May 15, 2012
“American Ideas: Declaring Independence” Webcast Presented Live behind the Governor’s Palace May 19
Colonial Williamsburg will present its fifth “American Ideas” interactive webcast live from behind the Governor’s Palace at 3 p.m. Saturday, May 19. The webcast begins with a special edition of the Revolutionary City program, “When in the Course of Human Events: Declaring Independence,” featuring Patrick Henry debating Tory John Randolph after giving his famous “Give me liberty, or give me death” speech in the spring of 1775.
The webcast is hosted by well-known Hampton Roads public affairs broadcaster Cathy Lewis live on Colonial Williamsburg’s “Connect” website www.history.org/connect. Her guests include characters from each of three scenes in the webcast and Taylor Stoermer, Ph.D., Revolution historian from Colonial Williamsburg’s division of research and historical interpretation.
Two additional scenes include “Liberty to Slaves,” which takes place in November of 1775 with enslaved people pondering Dunmore’s Proclamation that granted freedom to slaves who fought for the British, and “The Court of Tar and Feathers,” that deals with the issues of free speech and treason in July 1776.
For the live interactive webcast, “Connect” will take questions from the on-site audience and emails any time before or during the webcast at email@example.com. Viewers can also send questions to the panel during the program via Twitter at twitter.com/colonialwmsburg or through the live chat room at www.history.org/connect.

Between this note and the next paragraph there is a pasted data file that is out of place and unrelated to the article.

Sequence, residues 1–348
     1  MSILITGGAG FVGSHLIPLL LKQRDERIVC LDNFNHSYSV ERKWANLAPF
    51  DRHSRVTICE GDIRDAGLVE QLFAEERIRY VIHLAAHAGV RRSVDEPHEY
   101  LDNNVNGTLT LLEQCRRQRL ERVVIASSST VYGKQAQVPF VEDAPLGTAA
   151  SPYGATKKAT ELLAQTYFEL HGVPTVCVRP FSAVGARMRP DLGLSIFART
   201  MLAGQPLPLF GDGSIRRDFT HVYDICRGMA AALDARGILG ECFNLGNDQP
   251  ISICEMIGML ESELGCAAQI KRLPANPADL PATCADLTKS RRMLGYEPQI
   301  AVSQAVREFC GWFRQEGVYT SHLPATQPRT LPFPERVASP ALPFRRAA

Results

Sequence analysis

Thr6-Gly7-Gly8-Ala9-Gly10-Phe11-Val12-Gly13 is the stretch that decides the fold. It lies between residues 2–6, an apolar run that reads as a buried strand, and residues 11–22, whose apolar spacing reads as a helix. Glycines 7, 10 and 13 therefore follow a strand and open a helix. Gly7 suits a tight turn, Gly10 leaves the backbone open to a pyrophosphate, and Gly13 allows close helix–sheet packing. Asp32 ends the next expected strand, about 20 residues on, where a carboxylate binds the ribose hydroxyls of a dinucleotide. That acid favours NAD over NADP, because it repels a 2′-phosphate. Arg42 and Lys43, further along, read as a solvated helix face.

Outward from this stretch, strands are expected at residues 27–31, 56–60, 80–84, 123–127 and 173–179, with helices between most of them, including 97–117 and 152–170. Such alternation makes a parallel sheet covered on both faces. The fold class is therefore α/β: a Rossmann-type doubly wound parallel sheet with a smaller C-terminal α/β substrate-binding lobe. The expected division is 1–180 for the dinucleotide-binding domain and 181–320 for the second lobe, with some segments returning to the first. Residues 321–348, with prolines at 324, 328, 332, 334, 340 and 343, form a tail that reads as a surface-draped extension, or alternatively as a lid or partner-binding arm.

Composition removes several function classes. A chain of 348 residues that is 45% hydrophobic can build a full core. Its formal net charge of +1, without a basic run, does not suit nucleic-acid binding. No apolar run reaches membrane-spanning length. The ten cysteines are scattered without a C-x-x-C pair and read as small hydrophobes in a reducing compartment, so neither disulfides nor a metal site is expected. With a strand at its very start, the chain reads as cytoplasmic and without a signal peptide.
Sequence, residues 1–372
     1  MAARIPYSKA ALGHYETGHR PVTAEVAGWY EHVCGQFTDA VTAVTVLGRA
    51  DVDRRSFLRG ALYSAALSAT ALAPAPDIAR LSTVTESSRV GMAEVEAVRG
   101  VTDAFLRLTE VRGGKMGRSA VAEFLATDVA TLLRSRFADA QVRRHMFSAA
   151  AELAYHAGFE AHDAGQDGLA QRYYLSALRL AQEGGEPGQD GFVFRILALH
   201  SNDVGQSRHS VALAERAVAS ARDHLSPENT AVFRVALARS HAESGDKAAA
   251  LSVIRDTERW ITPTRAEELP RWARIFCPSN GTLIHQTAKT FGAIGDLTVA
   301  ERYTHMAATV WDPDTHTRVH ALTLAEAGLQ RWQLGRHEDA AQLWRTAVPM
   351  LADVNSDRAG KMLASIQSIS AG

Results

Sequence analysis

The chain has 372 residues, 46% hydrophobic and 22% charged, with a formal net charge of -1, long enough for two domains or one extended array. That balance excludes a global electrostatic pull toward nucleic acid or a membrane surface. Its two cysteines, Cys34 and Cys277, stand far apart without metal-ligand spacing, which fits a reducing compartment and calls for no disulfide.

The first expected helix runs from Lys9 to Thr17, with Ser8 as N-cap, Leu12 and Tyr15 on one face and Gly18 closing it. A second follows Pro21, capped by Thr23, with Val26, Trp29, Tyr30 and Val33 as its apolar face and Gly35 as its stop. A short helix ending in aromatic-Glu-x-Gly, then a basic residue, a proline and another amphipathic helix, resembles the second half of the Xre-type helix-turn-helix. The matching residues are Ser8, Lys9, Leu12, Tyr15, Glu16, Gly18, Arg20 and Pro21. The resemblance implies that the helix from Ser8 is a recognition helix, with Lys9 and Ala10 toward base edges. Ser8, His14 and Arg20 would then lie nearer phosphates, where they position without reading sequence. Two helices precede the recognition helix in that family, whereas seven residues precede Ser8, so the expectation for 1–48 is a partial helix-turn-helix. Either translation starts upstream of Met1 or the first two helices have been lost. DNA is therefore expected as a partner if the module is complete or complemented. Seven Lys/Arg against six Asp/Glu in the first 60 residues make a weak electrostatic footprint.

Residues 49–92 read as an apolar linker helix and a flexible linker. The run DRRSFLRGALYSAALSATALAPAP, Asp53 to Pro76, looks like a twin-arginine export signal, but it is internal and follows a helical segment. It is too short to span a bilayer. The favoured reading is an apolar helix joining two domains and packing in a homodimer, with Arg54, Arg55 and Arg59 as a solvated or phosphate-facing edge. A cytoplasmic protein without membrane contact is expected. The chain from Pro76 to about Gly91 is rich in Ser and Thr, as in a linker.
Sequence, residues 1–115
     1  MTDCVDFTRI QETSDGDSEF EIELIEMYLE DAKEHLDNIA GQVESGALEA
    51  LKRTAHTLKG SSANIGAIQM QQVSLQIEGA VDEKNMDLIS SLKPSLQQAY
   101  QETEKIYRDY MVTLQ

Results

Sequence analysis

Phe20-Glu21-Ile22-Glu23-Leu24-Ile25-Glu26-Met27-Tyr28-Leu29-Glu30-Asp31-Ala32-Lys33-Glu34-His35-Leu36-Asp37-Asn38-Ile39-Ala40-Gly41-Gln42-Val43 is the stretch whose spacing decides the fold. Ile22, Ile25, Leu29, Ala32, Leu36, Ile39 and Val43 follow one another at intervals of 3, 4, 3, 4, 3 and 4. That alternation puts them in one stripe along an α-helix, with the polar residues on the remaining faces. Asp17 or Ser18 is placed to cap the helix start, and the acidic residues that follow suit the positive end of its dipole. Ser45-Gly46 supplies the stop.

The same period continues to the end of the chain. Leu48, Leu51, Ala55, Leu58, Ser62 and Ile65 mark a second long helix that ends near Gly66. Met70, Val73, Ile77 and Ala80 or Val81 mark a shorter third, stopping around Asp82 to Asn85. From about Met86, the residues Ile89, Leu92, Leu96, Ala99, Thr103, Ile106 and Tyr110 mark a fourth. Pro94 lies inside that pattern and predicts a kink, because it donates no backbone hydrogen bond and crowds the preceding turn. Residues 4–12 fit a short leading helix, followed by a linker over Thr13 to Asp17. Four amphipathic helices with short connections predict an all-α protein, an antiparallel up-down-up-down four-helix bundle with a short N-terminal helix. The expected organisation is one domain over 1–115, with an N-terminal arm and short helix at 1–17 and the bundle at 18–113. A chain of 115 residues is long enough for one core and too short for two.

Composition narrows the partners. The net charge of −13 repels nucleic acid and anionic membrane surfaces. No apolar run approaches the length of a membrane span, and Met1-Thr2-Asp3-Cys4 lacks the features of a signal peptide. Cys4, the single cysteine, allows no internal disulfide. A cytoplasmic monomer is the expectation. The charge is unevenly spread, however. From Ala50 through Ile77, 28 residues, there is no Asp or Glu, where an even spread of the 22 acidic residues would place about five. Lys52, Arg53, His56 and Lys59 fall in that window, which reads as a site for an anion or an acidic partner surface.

Discussion segments between the three scenes will ponder the questions, “What events were taking place in the colonies that prompted Henry to give his speech in the spring of 1775?” and “What choices did free citizens and enslaved people have to make?” The panel will discuss why relating to our history matters and what the role of government should be. From the Boston Tea Party to the current Tea Party movement and the Occupy Wall Street demonstrations taking place across the country today, the very roots of the American Revolution can be found in citizens debating each other about issues of the day.
A Colonial Williamsburg admission ticket or Good Neighbor pass provides access to the live webcast audience area behind the Governor’s Palace gardens.
The May 19 webcast is one in a series of Colonial Williamsburg live webcasts debating our nation’s most basic values and how they shape our republic. In late June, the subject will be “What Does Independence Day Mean to Me,” and the final subject will be “The Election of 2012” in the fall. Interested citizens may visit the Connect website any time to join the debate www.history.org/connect.
The Colonial Williamsburg Foundation is the not-for-profit center for history, citizenship and democracy, encouraging audiences at home and around the world to learn from the past. Colonial Williamsburg demonstrates its commitment to expanding its thought-provoking programming as well as its dedication to cultural and historical authenticity on-site and online through the preservation, restoration and presentation of 18th-centry Williamsburg and the study, interpretation and teaching of America’s founding principles. Purchase of Colonial Williamsburg products and services supports the preservation, research and educational programs of the Foundation. Philanthropic support by individuals, corporations, and foundations benefits the educational mission of The Colonial Williamsburg Foundation.
Williamsburg is located in Virginia’s Tidewater region, 20 minutes from Newport News, within an hour’s drive of Richmond and Norfolk, and 150 miles south of Washington, D.C., off Interstate 64. For more information about Colonial Williamsburg, call 1-800-HISTORY or visit Colonial Williamsburg’s website at www.colonialwilliamsburg.com.